A more equitable energy future for the South

The South’s high energy burden

Southern households pay some of the highest monthly electric bills nationwide, forcing some families to choose between keeping the lights on or paying for groceries, medicine, and other essential needs.

Many families across our region experience disproportionate energy burdens—the percentage of monthly income spent on energy costs. Households of color, senior citizens, and residents earning a lower or fixed income are often hit hardest by high electric bills.

Customers unable to keep up with monthly electric bills frequently face having their electricity shut off—which can require paying a deposit on top of hefty fees, repayment of past due bills, and adhering to a strict payment plan—before they can get power restored. Those who cannot afford to pay additional fees further risk hurting their credit scores, which can negatively affect employability and make it even more difficult to pay for basic living necessities.

Solutions for real bill relief 

Rooftop and community solar and energy efficiency programs can help to alleviate high energy burdens by empowering customers to control their energy usage and save on monthly bills. Because these clean energy resources reduce the need to generate electricity, they help all customers to avoid paying for expensive, unnecessary power plants in the form of higher rates for decades to come. 

However, many households in our region lack access to these programs, which would give more customers the ability to better manage their energy use and save money on electric bills, while driving down electricity costs across the board for all users.  

To date, decisions about our energy options have often been driven by utilities’ incentive to build and profit from large, expensive power plants, driving up costs for customers while leaving energy-saving measures on the table. 

While some utilities have made moderate improvements to new and existing solar and efficiency programs—including making them more accessible to families earning a lower or fixed income and increasing program budgets—these incremental steps forward alone do not address the broader scope of the energy burden problem. 

The emergence of more leasing options for rooftop solar panels—opening new avenues for households that cannot afford the upfront costs—and inclusive financing options for money-saving energy efficiency upgrades are promising steps. But we need to expand these initiatives to extend the benefits of a clean energy transition to households that need it most.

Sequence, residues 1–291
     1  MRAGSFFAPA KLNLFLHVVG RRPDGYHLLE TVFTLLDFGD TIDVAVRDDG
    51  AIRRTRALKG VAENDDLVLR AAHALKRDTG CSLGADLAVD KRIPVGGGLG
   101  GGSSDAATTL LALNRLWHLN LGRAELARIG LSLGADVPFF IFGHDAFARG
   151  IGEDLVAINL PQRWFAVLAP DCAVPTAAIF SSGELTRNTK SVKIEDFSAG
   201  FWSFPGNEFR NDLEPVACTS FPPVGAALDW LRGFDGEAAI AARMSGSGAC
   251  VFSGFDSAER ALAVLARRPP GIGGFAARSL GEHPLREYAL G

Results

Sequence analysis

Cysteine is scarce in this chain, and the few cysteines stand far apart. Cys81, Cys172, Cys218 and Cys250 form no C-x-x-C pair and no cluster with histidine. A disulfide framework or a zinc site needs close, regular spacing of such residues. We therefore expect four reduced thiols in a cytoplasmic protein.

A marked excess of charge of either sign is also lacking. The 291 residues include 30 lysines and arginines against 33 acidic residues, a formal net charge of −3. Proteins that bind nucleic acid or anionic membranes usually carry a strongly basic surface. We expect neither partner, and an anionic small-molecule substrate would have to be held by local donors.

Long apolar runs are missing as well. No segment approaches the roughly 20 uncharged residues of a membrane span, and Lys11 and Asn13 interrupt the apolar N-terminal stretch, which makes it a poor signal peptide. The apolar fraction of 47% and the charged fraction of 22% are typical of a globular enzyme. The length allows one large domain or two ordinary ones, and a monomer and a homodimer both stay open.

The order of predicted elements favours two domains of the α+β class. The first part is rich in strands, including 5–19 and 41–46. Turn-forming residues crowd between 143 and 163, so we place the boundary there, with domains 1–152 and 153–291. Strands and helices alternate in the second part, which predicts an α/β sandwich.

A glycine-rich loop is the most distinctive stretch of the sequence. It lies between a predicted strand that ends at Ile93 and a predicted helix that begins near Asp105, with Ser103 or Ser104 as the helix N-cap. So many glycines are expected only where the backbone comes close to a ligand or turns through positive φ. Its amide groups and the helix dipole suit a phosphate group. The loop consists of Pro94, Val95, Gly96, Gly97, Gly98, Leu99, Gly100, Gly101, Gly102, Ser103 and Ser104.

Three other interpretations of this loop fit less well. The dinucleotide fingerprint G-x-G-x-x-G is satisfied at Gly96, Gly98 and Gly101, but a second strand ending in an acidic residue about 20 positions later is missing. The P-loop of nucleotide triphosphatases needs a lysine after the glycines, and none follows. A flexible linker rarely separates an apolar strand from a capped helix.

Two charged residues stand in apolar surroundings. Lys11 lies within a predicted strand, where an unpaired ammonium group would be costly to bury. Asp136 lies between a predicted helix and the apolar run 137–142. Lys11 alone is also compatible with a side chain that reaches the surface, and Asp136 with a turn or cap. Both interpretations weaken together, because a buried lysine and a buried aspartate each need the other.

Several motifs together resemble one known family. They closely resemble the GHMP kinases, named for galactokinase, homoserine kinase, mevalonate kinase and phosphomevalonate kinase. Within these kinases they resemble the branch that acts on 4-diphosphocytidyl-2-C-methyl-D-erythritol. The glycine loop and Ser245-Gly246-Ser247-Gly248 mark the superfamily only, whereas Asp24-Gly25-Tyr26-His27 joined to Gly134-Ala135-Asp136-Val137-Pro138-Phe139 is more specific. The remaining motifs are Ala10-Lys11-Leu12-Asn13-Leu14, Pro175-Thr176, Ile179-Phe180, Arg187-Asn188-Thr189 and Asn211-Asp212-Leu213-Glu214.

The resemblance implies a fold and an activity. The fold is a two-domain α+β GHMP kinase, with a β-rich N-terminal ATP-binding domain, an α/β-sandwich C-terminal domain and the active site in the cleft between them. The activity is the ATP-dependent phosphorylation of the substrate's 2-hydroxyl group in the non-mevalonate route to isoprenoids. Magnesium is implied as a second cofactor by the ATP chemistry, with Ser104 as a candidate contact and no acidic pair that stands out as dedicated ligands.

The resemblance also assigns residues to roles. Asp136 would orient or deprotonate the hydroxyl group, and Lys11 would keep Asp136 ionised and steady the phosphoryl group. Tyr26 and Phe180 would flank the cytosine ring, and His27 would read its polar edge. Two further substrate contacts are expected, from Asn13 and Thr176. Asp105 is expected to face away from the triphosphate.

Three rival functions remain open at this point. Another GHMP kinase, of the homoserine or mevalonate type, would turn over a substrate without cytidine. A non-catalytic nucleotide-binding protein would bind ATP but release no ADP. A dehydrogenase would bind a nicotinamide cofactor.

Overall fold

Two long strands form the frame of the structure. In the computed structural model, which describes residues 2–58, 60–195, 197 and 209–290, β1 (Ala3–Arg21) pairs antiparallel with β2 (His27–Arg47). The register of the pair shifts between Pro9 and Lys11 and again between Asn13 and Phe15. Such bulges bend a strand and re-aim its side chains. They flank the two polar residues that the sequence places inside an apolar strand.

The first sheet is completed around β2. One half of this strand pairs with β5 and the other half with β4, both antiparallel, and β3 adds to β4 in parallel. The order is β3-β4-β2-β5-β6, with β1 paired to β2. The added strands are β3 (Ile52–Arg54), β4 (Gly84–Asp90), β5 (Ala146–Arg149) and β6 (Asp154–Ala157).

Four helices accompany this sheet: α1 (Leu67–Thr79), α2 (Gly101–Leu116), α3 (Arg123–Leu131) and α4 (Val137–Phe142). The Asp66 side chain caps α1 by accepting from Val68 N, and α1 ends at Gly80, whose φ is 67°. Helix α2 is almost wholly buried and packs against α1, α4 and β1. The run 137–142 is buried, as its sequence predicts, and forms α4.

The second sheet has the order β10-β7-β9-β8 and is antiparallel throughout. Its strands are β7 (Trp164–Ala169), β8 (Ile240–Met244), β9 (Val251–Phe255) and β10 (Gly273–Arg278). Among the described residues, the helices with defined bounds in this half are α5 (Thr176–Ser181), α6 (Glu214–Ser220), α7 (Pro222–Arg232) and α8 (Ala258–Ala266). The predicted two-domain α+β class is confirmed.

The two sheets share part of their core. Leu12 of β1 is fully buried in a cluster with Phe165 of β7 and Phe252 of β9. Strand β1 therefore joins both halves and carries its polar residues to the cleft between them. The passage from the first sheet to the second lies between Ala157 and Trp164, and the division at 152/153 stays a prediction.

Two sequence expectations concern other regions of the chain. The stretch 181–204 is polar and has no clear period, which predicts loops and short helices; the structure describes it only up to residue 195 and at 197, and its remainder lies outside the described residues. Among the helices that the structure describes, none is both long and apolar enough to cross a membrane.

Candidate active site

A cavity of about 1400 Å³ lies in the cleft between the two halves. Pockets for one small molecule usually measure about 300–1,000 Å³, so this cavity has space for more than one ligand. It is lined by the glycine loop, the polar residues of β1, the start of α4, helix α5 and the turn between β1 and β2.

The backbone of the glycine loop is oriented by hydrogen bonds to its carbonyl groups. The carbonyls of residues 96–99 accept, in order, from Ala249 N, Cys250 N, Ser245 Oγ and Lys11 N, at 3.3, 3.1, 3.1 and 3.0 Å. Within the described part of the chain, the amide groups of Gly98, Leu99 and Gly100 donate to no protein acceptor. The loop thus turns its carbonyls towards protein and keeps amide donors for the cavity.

We need an energy future that’s good for all of us, not just for powerful utilities. Energy planners must make decisions that put our interests first.

Nathaniel Smith, founder and chief equity officer at Partnership for Southern Equity

Charting a new, more equitable energy future

We are striving to set the South on a far more equitable and cost-effective course—one that places greater reliance on smart, steady investments in solar and energy efficiency, creates better access to bill relief programs for customers who need it most, and ensures affordable electric bills. 

Along with our partners, the Southern Environmental Law Center’s legislative, policy, and regulatory commission advocacy has resulted in marked improvements in utility solar and energy efficiency offerings. These efforts have resulted in clean energy victories, including the first carve-outs for community solar programs in our region for South Carolina customers earning a lower income, securing a settlement in North Carolina to help customers finance energy efficiency upgrades, and expanding solar offerings and energy savings targets and budgets for efficiency programs in Georgia. 

We have also engaged with community advocates and mapping work to better understand and illustrate the inequitable energy burdens that many households in our region face, and to more effectively advocate for programs that provide bill relief. 

We will continue our work to further shift utilities toward recognizing energy efficiency as a priority resource to meet current and future energy needs more cost effectively while reducing carbon emissions.  While our region has made significant progress with utility scale solar, we still have a big opportunity to ramp up rooftop and community scale solar. SELC remains committed to pushing for fair policies for Southern communities to go solar, both at home and work.